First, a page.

Today I was reading Marc Porter Magee’s guest piece for Rick Hess’s “Straight Up” opinion blog on Education Week. Marc writes a call to arms for education advocacy. Not just the advocacy that is about rally days at the state capital or annual reports, but the “…daily, fight-for-your-lives battles” that educators, leaders, and families face to continue serving students.
As a policy advocate—in a sector that doesn’t do a lot of policy advocacy—this piece resonated with me. Policy has a tremendous role in shaping authorizing, but it can be difficult to translate that into action for authorizing or by authorizers. Part of this has to do with the nature of authorizing—we are the overseers, the compliance officers, the technocrats who work within the charter movement. Our work is rarely glamorous and people don’t really pay attention to it unless something goes wrong. And most of the time that low-profile works in our favor. It lets us do the work and, as best we can, avoid the political football of the “education reform” label.
The same attitude that lets us get s*@# done also makes us susceptible to disillusionment and apathy. When viewed from the trenches by an authorizer, the policy realm can feel like the source of a never-ending bombardment by people who don’t understand our work—or want to manipulate it for their own gain.
So we have not one, but two excuses to stay out policy all together: a worry that it is not our role; and a sinking feeling that even if we wanted to get involved, it’s not going to help anyway.
But if our industry is to have a lasting impact on education, we need to change this attitude. We need to embrace what policy can accomplish and engage in the activities—like advocacy—that will get us there.
We need to start by remembering that advocacy isn’t a dirty word. It starts by simply telling the world what you do and why you do it. Try it out:
- I’m an authorizer. I decide which charter schools should open, because I believe every child deserves a great education.
- I’m an authorizer. I make sure the public knows how charter schools in their community are performing, because I believe every parent should have the best information when deciding which school to send their child to.
- I’m an authorizer. I decide if a charter school should close, because I think the goal of the charter movement is to provide a great education, not to create more bad schools.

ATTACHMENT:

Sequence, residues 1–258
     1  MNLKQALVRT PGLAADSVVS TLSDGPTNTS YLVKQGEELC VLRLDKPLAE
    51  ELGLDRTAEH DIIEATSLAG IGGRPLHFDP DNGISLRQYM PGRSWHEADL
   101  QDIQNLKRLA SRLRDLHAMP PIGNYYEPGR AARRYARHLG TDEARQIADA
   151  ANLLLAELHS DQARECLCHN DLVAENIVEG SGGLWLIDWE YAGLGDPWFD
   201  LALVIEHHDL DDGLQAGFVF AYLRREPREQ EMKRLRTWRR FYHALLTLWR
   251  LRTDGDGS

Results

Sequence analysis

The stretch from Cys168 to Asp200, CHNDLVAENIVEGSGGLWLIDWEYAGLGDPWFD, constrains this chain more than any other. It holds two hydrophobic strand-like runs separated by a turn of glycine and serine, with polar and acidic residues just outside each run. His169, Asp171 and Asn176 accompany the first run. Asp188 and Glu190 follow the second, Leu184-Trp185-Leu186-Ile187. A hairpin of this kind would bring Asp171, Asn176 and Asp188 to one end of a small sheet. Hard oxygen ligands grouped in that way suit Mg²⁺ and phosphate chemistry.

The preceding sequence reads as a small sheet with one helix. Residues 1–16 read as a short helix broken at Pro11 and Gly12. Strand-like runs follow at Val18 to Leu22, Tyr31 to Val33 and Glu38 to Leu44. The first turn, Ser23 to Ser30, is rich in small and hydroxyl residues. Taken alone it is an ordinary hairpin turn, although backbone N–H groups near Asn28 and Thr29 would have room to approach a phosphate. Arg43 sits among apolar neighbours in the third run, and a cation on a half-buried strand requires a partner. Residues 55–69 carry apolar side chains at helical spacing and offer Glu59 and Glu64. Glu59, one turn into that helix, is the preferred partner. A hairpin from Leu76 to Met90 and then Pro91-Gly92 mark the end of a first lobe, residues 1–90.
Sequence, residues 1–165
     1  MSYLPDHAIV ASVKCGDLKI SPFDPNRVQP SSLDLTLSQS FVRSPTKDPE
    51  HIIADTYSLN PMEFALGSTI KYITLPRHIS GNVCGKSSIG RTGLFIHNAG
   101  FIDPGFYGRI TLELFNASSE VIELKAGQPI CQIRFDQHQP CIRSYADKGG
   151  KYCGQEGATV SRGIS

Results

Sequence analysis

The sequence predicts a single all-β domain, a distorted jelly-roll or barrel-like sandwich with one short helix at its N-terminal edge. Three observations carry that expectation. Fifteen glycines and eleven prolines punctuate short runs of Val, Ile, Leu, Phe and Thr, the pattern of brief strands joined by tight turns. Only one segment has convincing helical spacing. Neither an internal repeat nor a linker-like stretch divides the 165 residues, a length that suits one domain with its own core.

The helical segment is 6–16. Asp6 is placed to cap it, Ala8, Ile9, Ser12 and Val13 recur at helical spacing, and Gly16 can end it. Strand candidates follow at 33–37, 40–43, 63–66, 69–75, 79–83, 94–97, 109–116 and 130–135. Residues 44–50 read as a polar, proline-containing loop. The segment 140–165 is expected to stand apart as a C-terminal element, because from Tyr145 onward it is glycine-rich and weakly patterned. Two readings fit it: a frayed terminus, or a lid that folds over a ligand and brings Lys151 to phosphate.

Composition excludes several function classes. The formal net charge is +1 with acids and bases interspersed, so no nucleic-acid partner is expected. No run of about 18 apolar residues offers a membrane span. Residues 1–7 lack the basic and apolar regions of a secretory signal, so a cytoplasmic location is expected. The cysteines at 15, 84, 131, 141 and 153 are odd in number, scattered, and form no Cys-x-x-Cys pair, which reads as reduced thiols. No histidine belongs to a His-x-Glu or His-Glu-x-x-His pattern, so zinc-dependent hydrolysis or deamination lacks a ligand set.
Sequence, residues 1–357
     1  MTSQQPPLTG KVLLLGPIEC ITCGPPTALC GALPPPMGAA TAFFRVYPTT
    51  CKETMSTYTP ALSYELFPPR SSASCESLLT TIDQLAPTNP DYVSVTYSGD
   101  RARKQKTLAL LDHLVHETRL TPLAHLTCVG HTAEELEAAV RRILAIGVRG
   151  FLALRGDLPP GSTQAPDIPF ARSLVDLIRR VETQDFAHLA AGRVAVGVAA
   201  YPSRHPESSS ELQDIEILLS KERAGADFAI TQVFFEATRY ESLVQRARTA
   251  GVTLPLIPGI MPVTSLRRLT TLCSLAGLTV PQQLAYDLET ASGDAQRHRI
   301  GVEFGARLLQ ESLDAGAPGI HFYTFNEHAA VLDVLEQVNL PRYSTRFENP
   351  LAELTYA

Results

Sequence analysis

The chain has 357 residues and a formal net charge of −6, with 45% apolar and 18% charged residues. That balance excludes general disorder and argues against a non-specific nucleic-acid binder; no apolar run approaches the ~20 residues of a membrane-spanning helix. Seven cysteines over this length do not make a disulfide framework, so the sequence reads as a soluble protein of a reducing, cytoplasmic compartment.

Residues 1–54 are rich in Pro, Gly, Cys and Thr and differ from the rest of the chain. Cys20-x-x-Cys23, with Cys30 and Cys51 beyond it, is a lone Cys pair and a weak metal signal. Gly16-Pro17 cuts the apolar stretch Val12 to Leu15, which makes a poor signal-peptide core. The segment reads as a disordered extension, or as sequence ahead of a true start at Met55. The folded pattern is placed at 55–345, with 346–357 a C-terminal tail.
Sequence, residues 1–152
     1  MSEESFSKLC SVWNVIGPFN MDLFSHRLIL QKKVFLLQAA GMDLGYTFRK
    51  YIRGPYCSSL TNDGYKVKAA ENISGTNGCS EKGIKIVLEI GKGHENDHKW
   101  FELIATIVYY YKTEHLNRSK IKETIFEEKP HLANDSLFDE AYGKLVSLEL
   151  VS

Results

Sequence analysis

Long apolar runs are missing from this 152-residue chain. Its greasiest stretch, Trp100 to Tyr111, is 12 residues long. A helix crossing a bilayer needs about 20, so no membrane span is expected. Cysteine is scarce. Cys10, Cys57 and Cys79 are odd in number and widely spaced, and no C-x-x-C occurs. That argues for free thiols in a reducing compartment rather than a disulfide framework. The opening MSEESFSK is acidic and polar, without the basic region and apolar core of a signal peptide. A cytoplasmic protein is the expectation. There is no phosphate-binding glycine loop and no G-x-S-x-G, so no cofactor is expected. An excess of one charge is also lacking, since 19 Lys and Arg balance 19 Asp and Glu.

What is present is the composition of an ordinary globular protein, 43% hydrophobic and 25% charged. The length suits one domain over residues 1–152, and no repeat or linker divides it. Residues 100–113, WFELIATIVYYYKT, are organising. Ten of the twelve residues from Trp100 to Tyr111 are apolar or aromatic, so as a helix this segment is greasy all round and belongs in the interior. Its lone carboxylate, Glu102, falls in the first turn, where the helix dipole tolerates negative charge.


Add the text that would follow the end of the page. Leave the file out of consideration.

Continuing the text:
Translating that into policy advocacy simply adds one more step: talking about how policy can support what you do.
- Policy can support my work by making it easier for me to evaluate charter school applications by letting me ask questions about past performance.
- Policy can support my work by requiring the charter schools I oversee to tell the public (and me, their authorizer) how they are performing every year.
- Policy can support my work by giving me additional legal tools that will give me more confidence that decisions I make to close a poor performing charter school will hold up if challenged.
Now, as Marc says, repeat. Repeat to your colleague, your friends, other authorizers, the education group in your city, your state representative, the legislature. Repeat to everyone that will listen, and then repeat to those that don’t. That is education advocacy. It’s a grind, but hey, we’re authorizers. We’re used to that.
I’m reminded of a conversation I had with my sister about when the transformative power of design (her specialty and what she teaches to K-8th graders) really clicked for her. Her professor said to the class, “Everything manmade in this world was designed by someone.” A person decided what thickness to make a pencil, what height to make that chair, what size to make the button on your cellphone. Nothing is designed by chance: everything is intentional.
The same is true of policy. Every policy is designed by someone. Every policy, at some level, is intentional. It’s time for us to be that someone.